"It would if we had to buy them, but I brought them along with me. We will have to buy very little. The principal things we will need are dogs, sledges and guides for a certain distance. We will stay here a day or so until I can arrange about them, and then we will start for the interior."

Mr. Baxter had signed his own name and those of the two boys on the hotel register, and had taken them into a comparatively quiet corner to impart this information.

"Now, Jerry," he said, "if you and Fred will[63] go help Johnson get our stuff up here to our room, I'll go see if I can hire some guides and sledges. Pile the stuff right in our room. That's the only place it will be safe. We'll have to rough it for a night or so, but we can stand it, I guess. My, but it's getting cold out," he added as he glanced from the window at a thermometer hanging on the side of the hotel.

"How much?" asked Fred.

"Twenty-two degrees below zero."

"Twenty-two below!"

"That's nothing. Wait until it goes to forty and fifty below. Then the mercury in the ordinary thermometer freezes solid, and only spirit gauges are of any use. Then you'll feel the cold. There is no wind, fortunately, or you'd notice it even in here, with the big stove going."

They had taken off their fur garments while in the warm hotel, but, as Fred and Jerry had to go out to see about their goods, they donned them again.

It was getting dark, for, though it was early, the winter season had begun, when the sun would shine but for a little time each day, and farther north not at all for six long months.

"I should say it was cold!" exclaimed Fred when he and Jerry were outside. The keen air cut his face like a knife, and he was thankful for the thick fur garments, the heavy fleece-lined boots, and[64] the big mittens he wore. Burying his face down below the collar of his coat, an example which Jerry followed, Fred started back to the steamer dock, while Mr. Baxter went off to see about getting guides and sledges.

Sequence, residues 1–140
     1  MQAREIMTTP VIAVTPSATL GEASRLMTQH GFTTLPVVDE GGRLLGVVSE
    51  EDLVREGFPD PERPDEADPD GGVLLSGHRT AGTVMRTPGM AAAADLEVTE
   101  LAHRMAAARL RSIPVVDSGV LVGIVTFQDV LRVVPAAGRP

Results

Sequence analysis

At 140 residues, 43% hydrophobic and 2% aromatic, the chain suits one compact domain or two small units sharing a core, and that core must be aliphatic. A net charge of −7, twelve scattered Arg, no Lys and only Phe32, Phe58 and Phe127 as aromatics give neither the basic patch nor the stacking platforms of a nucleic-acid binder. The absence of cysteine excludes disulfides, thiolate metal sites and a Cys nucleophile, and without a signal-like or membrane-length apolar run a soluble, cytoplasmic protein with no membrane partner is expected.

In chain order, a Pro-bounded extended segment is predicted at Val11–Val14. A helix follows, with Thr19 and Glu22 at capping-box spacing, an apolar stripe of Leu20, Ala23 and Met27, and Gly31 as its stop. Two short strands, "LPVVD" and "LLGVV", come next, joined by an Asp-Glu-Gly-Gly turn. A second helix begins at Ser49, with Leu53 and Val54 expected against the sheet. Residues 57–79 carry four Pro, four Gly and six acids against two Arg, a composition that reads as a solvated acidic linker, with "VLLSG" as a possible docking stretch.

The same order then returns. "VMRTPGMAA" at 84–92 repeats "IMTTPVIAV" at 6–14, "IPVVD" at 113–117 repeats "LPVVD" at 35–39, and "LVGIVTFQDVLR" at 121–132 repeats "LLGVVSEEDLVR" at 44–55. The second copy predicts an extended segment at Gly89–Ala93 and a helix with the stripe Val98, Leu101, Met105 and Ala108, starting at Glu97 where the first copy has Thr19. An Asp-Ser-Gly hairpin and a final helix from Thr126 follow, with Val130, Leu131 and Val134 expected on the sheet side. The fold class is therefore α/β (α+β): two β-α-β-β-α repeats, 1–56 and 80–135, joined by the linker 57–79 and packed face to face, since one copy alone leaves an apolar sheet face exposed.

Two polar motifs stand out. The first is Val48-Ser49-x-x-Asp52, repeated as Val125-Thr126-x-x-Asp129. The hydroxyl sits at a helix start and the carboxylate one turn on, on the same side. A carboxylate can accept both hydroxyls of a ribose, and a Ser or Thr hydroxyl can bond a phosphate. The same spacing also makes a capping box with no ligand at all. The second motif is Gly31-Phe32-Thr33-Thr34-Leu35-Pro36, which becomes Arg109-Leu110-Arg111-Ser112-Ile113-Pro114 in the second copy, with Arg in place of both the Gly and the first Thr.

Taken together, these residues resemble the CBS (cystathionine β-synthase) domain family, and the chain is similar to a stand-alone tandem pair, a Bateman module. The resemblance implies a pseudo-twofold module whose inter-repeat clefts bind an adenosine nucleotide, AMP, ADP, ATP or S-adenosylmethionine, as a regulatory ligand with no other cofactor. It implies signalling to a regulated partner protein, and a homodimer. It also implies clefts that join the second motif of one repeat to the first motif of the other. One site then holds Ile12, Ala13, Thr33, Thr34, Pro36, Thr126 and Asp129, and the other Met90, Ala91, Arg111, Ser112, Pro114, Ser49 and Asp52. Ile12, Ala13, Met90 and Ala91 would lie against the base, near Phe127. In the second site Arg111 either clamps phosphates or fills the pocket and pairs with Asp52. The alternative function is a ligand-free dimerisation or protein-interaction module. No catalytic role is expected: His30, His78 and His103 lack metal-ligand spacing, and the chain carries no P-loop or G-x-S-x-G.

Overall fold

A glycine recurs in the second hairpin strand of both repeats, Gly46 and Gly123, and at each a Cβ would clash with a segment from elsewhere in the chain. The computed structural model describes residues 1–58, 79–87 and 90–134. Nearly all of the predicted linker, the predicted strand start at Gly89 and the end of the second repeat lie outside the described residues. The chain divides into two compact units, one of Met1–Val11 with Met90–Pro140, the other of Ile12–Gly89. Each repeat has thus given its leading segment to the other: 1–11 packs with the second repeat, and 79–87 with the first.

The boys found Johnson still on guard, but the colored man was racing up and down to get warm, and whipping his long arms about his body to keep up the circulation.

"What's the matter?" asked Jerry with a laugh.

"Matter, Massa Jerry? Why, it feel laik somebody done gone an' stick a icicle down mah back, that's what it do, fo' suah! It suttinly am terrible cold."

"Well, you'll soon be warm," spoke Fred. "We're going to take the things to a hotel."

"A real hotel, where dey has real things t' eat, Massa Fred?"

"Yes, real things to eat. They charge five dollars a meal."

"Five dollars a meal! Den I reckon dis coon'll git a small po'tion ob dessert fo' his share," and the colored man laughed so heartily that he felt no necessity of whipping his arms about.

"Well, come on, let's see if we can't hire a small truck and wheel our stuff up," suggested Jerry. They were able to, but they had to pay a good price for the little vehicle, which they got from one of the men on the dock. Indeed, it seemed[65] that you had almost to pay the weight of anything in gold in Alaska, as there were so many who wanted the same article.

It took several trips by the boys and Johnson to get all the things to the hotel. There was quite a quantity of canned stuff, plenty of bacon, sugar and tea, for those are staple articles of diet in cold countries, arms and ammunition for all four, an extra supply of fur garments and sleeping bags, a heavy tent, a portable alcohol stove, cans of alcohol for fuel, and other needful supplies.

It was quite dark when they had everything in their room, and there was little space left to lie down. There were four cots in the apartment, and no bedclothes of any kind, but they expected to sleep in most of their clothes because of the cold. Mr. Baxter came back in time for supper, and it must be said, in spite of the high prices for meals, they were not very good. There was no use of finding fault, however, as there were others only too anxious to get the accommodations our travelers had secured at the hotel.

"Did you get the dogs, sleds and guides, dad?" asked Jerry when they had gathered to look over their supplies that night in their room.

"Yes, but I had to pay higher than I calculated on. It seems there has been a new strike made, and there is a great rush of miners to it. Guides can get whatever pay they ask, and as for dogs[66] and sleds, you might almost as well buy them as hire them, only no one will sell. But I guess we'll get along."

"When do we start for the for——" began Fred.